Right after harvest, the soil has the lowest amount of nutrients, as they were utilized by the growing crop. In the spring, soil nutrient level is maximized. Soil samples, therefore, need to be taken at the same time each year in order to offer any meaningful data for year-to-year management. They should be taken yearly, both to chart the impact of any fertility program implemented — which may not be noticeable for several years — as well as to assure that the elements remain balanced, and excesses are not a concern.
Because too much of a good thing can definitely be a bad thing where soil fertility and crop yield is concerned. Adding manure or compost year after year without knowing if it is providing the balance of nutrients the soil needs can block essential elements. Dairy manure, for example, can be high in manganese, depending on whether the cows were heifers or not, and cause problems if this is not measured. Compost, too, differs in composition.
“How much is too much? Every soil has a different answer,” Kinsey explained. “A good, moderate amount of manure can go a long, long way without causing a problem. The key is in moderation; a balance between all the elements.”
When soil chemistry is out of balance, problems result. Excess NPK limits a plant’s ability to fight off disease. In soils without enough calcium, squash and cucumbers will have a bitter taste. Other nutrients, including copper, boron, phosphorous and sulphur are also important. Too much potassium will limit boron, and boron helps fight disease.
Chemical, physical, biological
Building life into the soil depends upon balancing the soil chemistry.
“The chemical structure determines the physical structure,” Kinsey said.
Creating a balanced soil chemistry will help create an aerobic zone where microbes can thrive, as can the crops. While soil biology is important, microbes will take what they need first, leaving the plant with whatever nutrients remain, so having adequate and balanced soil fertility is of primary importance.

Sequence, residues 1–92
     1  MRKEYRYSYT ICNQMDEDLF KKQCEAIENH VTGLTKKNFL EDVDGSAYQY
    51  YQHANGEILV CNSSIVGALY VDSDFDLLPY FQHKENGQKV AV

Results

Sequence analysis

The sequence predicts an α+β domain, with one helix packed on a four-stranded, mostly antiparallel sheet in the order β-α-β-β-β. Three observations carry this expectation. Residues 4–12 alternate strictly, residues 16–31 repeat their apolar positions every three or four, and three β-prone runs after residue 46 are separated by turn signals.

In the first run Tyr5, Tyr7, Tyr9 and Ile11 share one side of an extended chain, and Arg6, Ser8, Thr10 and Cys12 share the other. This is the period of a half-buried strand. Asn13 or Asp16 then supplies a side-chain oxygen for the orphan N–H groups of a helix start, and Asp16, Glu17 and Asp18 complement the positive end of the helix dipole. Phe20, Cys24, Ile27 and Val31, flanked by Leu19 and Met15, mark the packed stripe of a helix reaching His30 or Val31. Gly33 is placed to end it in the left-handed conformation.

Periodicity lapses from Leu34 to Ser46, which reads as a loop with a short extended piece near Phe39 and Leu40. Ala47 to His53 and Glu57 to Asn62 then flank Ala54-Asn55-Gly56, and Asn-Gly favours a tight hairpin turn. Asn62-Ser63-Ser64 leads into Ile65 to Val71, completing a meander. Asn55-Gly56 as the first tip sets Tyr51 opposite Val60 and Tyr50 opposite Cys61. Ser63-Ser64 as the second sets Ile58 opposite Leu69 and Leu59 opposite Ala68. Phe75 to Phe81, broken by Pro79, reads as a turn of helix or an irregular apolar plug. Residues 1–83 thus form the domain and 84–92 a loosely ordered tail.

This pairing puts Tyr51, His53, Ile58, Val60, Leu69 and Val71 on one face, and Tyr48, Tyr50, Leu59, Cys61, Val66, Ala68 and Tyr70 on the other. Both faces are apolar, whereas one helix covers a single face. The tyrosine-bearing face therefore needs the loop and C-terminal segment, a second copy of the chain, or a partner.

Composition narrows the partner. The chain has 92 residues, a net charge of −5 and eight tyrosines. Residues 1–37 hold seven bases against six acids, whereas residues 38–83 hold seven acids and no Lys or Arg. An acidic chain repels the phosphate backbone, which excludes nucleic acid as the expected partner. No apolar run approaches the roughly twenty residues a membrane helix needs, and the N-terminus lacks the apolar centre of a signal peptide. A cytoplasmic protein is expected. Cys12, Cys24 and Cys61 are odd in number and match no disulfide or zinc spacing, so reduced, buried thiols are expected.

The top five inches of soil is the aerobic zone, and functions as the “plant’s stomach.” The key is to keep nutrients in this zone. The aerobic zone is comprised of 25 percent air, and 25 percent water.
“The roots are going to grow where you put the nutrients,” Kinsey said. “A plant is smart enough to go where the nutrients are.”
Humus determines the nutrient-holding ability of the soil. Humus is found in the top two inches of the soil, not eight or nine inches down, he said. Organic matter is all residue, not only that which is decomposed, while humus is all organic residues, fully broken down. With sufficient humus, plants could even grow in toxic soils, Kinsey said.
“When you start taking bigger yields out, you have to put back what you’re taking” from the soil, Kinsey reminded growers. “Learn what the fertility does in your soil, and learn how to put it there and learn how to keep it there.”
Organic growers need to observe their fields. Observe the crops. Track yields. Use GPS sampling to map the fertility of the farm. Yield decreases mean there are soil imbalances. If organic growers concentrated on balancing their soil chemistry, their yields would increase beyond that of conventional fields.
“You get the nutrient levels right, and you can produce just as well as conventional growers,” Kinsey said.